No one can successfully draw or paint a head until they can render the surface of a sphere in light.

With the basic forms established, we can then build on the surface forms.

Since only light can define form, we must study carefully what the light does as it travels across the surfaces, noting the areas of light halftone and shadow.

As the form turns away from the light it produces halftone and shadow. The lightness or darkness of the halftone is the result of the angle of the plane in relation to the direction of the light.

Shadows occur only when the light cannot reach the plane.

Value relationships between objects produce design.

It is design and arrangement that make pictures, regardless of subject.

There are four essential properties of tone: Intensity of light in relation to shadow, Relationship of value to all adjacent tones, Identification of the nature and quality of light, Incorporation of the influence of reflected light.

The five ‘P’s of good drawing: proportion, placement, perspective, planes, and pattern

Tone and harmony come first.

The study of still life is one of the best ways of learning to draw.

Do not interpret me as advising you not to draw from life or nature. Nature is a great storehouse of material. By all means draw from that great source. Do not just copy. “Build” with what you observe for yourself to be true. Try to get the individual quality of each thing you draw. It is that quality that makes the artist interesting.

Andrew Loomis Quotes on Color

by Armand Cabrera

Andrew Loomis was a successful illustrator and a teacher at the Chicago Art Institute. He studied at the Art Students League of New York under George Bridgman and Frank Vincent DuMond. He wrote some of the most successful art instruction books ever printed. His six books are a wealth of information for the aspiring artist or illustrator. In print for almost fifty years they were Fun with a Pencil, Figure Drawing for all its worth, Creative Illustration, Successful Drawing, Drawing the Head and Hands and Eye of the Painter. Of the six books he wrote only Creative Illustration and Eye of the Painter deal directly with painting and color. The following quotes are from those two books.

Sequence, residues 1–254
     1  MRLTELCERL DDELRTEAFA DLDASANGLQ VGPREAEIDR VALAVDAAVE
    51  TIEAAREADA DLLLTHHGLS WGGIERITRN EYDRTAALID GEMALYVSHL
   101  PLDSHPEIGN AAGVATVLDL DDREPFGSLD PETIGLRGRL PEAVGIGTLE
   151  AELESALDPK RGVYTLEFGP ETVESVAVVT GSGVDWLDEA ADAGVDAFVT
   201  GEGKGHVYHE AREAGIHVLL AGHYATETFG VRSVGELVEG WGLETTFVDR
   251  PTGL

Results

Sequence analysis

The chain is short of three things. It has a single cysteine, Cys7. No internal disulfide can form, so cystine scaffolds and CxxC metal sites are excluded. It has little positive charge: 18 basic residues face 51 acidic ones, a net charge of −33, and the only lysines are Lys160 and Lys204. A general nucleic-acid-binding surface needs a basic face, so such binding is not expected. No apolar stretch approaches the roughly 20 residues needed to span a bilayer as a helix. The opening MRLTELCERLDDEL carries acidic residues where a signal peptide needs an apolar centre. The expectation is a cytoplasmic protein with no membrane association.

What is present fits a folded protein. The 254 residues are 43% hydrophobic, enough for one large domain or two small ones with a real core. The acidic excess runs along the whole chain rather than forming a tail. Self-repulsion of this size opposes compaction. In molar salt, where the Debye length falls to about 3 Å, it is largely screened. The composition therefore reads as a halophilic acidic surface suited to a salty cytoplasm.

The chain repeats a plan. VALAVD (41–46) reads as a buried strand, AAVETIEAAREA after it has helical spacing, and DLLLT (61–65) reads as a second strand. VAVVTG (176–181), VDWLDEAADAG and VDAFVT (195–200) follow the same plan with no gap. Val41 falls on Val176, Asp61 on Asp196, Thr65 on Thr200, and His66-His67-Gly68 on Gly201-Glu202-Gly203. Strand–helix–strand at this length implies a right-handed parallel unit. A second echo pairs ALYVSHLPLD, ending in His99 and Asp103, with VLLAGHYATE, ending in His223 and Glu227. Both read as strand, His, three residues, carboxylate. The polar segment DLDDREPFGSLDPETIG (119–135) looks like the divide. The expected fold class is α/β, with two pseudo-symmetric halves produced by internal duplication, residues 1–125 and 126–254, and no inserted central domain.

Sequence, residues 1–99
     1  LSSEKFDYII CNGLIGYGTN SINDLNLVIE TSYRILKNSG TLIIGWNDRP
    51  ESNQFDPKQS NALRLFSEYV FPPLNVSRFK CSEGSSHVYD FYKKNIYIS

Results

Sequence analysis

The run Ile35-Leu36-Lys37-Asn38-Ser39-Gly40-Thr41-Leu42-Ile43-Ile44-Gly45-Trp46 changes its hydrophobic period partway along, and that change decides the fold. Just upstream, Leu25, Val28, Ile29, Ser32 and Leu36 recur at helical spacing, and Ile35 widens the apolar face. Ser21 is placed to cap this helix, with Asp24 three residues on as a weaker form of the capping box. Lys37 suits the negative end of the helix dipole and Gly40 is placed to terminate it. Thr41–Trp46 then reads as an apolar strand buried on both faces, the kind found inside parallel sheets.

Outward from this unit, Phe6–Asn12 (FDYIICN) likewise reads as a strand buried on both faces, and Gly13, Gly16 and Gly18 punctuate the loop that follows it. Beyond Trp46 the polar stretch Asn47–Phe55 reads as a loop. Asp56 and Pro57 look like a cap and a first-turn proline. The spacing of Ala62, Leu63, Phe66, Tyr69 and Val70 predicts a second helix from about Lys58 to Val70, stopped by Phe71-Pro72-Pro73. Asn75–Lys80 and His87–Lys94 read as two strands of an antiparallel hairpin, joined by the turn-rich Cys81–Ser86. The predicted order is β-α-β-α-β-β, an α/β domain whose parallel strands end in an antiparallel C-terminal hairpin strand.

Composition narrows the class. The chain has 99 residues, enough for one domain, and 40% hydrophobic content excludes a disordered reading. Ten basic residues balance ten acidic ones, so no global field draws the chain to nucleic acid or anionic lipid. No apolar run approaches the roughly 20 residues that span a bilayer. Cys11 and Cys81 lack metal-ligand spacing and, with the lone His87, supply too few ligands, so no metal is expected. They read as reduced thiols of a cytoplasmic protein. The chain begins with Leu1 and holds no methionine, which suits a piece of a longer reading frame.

If color is also subject to the natural laws of tone, light and shadow then the only pictorial approach to color which can be of any real value must incorporate these principles.

A color cannot be right until its value is right

No color can be made brighter than its full strength

A color is relative first to the amount of light shining upon it which gives its lightness or darkness

Color is relative to all surrounding color influence

The larger the area the softer the color

All color becomes a source of reflected color when in light and will reflect themselves into lesser light

All color in shadow become recipients of reflected color and will change accordingly

Any two colors will be harmonious when one or both contain some of the other

The local color should never completely lose its identity in the shadow

No color in the shadow can have brighter color intensity than the same color would have in the light.

All colors in their greatest intensity or tints of the pure color should be relegated to the lights and halftones. When reaching the shadows these colors are reduced or grayed, or the color is changed by influence of other color reflecting into the shadow.

The halftones may contain the most brilliant and pure color

Keep your color most intense on the edges of the lighted areas, where it merges into shadow.

We cannot paint nature from a tube or a pot.

The greatest mistake in color, and one that causes lack of unity and harmony, is having too many colors on the palette.


Creative Illustration
Andrew Loomis
Viking Pres 1947

Eye of the Painter
Andrew Loomis
Viking Press 1961

Andrew Loomis Reprints

By Armand Cabrera

I have written about Andrew Loomis before on this blog, you can find those articles in the sidebar under Andrew Loomis. Now Titan Books has reprinted five of the six books written by Loomis while he was still alive. The seventh Eye of the Painter was published posthumously after his death and is more of a philosophical book than a how to book and has not yet been reprinted.



 The books are beautifully reproduced and are quite a bargain at fewer than 30 dollars each. Even though I own a complete set of the original books I bought the reprints to use as working copies and they are exact large format hard cover books and reproduced down to the typos.
The last one, Successful Drawing was revised during Loomis’ lifetime and re-released as Three Dimensional Drawing with an additional 20 pages of information not included in the first book. I had hoped Titan would combine the volumes and release them but they didn’t. Still, Successful Drawingis worth the price for any serious artist.


If you are just starting out these books are invaluable for getting you on the right track. Support the publisher and family by buying these books. While some of the information is dated stylistically, the fundamental ideas are all sound and still relevant to this day.